I am visiting a city that I have not found any trip reports on, Berdyansk, Ukraine. It is located on the sea of Azov in between Melitopol and Mariopol. I am going down to join my fiancée for a few days and then we will go to Kiev for her K-1 interview and spend some more time in Kiev.
I have not been able to find a lot of information on Berdyansk. Not a great tourist destination for Westerners. But having talked about the city with N through 2 summers now, I know its beaches are a destination for many Ukrainians and Russians during the summer. This is evident also by the train schedule there. The train from Kiev runs every day in June-Aug. Then in Sept. it changes to every other day, then stops until next summer. I am catching the next to last train for this year.
The flights to Kiev were as usual uneventful. Leaving my home at 4:30 AM Mon. California time, I was prepared for the long trip. As usual I arrived at Ontario airport with a lot of time to spare. Although, when I arrived a check-in I did receive a surprise. The luggage allowance had been lowered at the beginning of September and I did not check the weight of my bag… I was 10 lbs over the limit. The clerk offered to give me a box to lower the weight and shuffle things around. I decided to go ahead and pay the $25.00 charge. My actual bag was inside of a bigger bag that I was bringing to my fiancée for her use when she comes to the US. It would have been real easy to split the bags up but I had visions of me in the Kiev airport trying to get them all to fit together again in preparations of catching the train. Not a pretty mental image.
On the flights I didn’t get a lot of sleep but this didn’t matter too much. I still had the train trip ahead and I figured it would be better to sleep that time away then sit with little to do. On the flight across the Atlantic I did remember a couple things I forgot. I was so preoccupied with bringing all the documents for the visa interview; I didn’t include my tour guide of Kiev and my Russian phrase book. The tour guide didn’t matter too much as we weren’t going to many sites, I just like to have good maps of the towns I visit. The phrase book I was concerned that I forgot. I have only needed it once on my trips but this time I thought I would need it on the train. So, while in Amsterdam, I checked the shops there looking to buy a new one. They had a large selection of phrase books (some very strange), but none in Russian. Gosh, doesn’t everyone visit Russian speaking countries?
Arriving in Kiev at 3:00 PM Tues. local time I made it through passport control relatively quickly. I noticed that the visa I had from my previous trip had expired but with the new no visa rules, that was no problem. I proceeded to the customs area where my bag was waiting after I filled in the Customs declaration form. When I got to the customs inspection area, there were neither lines nor any travelers there. I presented to the officer my form, who asked about any gifts I had and was waved through. Then, I had a rather unique experience. The officer took a few moments to explain to me that I didn’t need to do the declaration form if I had nothing to declare. Wow, what a surprise, an officer that was actually helpful without being asked.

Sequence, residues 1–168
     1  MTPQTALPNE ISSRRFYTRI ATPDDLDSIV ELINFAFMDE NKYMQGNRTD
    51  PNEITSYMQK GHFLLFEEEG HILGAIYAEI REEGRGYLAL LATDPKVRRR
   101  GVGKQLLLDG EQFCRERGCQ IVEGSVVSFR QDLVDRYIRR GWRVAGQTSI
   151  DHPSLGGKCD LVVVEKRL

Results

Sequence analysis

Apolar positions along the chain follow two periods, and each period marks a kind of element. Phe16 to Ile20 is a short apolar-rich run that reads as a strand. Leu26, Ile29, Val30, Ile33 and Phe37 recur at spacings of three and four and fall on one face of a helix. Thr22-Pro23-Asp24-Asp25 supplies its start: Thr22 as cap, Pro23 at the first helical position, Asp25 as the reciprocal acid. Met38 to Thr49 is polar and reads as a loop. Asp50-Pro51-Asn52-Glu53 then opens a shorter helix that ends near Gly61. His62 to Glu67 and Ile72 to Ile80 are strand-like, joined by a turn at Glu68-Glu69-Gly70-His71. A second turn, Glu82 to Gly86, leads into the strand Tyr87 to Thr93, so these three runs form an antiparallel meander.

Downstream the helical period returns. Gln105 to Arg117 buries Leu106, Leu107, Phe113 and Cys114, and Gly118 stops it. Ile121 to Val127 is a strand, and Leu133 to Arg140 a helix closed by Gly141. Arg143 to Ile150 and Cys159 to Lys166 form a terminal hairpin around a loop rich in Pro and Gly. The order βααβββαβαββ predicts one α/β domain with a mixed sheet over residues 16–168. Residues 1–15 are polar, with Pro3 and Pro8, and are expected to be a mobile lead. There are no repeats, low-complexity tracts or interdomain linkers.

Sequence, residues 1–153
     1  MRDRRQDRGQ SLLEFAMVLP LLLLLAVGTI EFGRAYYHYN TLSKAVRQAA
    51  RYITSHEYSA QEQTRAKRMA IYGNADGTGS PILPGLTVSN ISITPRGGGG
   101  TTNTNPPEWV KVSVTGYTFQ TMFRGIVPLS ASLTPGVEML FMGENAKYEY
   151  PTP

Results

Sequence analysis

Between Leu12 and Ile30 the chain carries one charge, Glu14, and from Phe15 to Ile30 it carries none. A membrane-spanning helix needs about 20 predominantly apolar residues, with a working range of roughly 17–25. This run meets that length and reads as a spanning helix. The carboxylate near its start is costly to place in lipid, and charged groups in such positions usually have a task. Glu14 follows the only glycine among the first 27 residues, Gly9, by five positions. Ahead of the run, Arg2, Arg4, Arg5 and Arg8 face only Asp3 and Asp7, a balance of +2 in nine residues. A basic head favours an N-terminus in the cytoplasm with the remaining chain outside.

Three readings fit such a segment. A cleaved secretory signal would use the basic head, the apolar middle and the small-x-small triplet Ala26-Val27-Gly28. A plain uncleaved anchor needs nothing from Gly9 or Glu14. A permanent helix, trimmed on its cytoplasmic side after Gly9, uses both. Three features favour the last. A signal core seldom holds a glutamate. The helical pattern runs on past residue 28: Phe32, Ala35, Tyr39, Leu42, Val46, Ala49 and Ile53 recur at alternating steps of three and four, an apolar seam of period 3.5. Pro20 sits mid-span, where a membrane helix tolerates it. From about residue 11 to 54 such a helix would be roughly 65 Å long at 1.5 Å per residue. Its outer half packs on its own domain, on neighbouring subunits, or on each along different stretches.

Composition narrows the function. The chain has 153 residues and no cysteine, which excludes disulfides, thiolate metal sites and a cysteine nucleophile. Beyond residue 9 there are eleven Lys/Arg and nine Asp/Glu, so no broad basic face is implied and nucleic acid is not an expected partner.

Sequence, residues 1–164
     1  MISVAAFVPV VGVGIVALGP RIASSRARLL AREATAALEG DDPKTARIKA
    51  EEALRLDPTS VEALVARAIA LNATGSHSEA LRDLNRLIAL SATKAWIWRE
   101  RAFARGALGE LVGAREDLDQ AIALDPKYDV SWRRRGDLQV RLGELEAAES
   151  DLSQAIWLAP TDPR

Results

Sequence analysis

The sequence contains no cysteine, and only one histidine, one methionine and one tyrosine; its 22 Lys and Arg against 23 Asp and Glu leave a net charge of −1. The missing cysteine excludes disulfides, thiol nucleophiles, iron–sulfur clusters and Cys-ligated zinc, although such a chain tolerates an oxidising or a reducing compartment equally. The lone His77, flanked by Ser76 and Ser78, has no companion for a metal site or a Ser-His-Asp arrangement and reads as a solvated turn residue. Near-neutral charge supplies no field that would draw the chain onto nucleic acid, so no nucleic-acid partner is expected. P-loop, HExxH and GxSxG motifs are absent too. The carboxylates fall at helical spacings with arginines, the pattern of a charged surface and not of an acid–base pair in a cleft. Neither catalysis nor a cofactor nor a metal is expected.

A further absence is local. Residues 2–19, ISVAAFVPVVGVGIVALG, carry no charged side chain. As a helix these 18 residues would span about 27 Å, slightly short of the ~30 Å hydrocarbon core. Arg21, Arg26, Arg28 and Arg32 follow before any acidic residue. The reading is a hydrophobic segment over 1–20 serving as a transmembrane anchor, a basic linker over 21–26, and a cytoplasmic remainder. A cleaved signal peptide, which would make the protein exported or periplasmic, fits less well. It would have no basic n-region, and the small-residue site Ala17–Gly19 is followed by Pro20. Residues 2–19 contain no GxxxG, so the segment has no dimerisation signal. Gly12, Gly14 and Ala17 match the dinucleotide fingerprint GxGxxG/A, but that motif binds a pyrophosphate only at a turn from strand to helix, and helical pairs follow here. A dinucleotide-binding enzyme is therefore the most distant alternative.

After leaving the customs area I was greeted in the waiting area by my taxi driver as planned. I use Pavel’s assistance when I go to Kiev but this trip had some bad timing. I was arriving on a day that he was on vacation. So, he took care of my train ticket and arranged for my taxi to the train station who had the train ticket with him. Although, the communications was not completely clear. The plan was to first go to Independence Square so I could exchange money and get some food. What the driver knew was to do money and go to McDonalds. So the first McD’s on the road he tried to stop. We quickly came to the understanding to go to Khreshatic for the stop. While there I changed some cash, hit the McD’s there and picked up a SIM chip for my phone (unlocked tri-band). Then it was off to the train station.
After trying out the SIM chip and looking through the package it came in I noted that I should have tried it in the store where I got it. All the instructions are in Russian and the dialing code to call my fiancée’s phone the clerk gave me didn’t work. Another reason I wanted my tour guide as it explains the dialing codes. Oh well, I did find the page that explained the dialing codes and with my limited Russian, I was able to figure out where the problem was.
Finally my train appeared on the board in the lobby about an hour before the train’s departure time. I thought this was great as I could soon settle down in the train cabin and be able to be free of the backpack I had been carrying for days now. And I just keep waiting. Usually the track is announced about an hour before the departure time. For this train it was about 35 minutes before departure. That did allow me some time to practice my alphabet some more reading the town names as the board alternates between Russian and English.
When the track was announced I proceeded to the proper track. Getting to the tracks was fairly simple as I had accompanied my fiancée and Pavel on 3 previous trips. If it were my first time in the station it may have been more of a challenge as there are not many signs in English. But, just following the crowd would have also worked. There was another short wait at the platform then we were allowed to board. When boarding, the conductor did have to make a double take when he checked my I.D. I guess he was not used to Americans showing up in his car but there was no real problem. I had the ticket and my passport ready to show him to gain entrance. Once in the cabin I was able to store my luggage and finally make my call to my fiancée. It was nice to hear her voice again now that we were in the same time zone again.
The story continues at Russian Ukrainian Adventures Russian Women Discussion Forum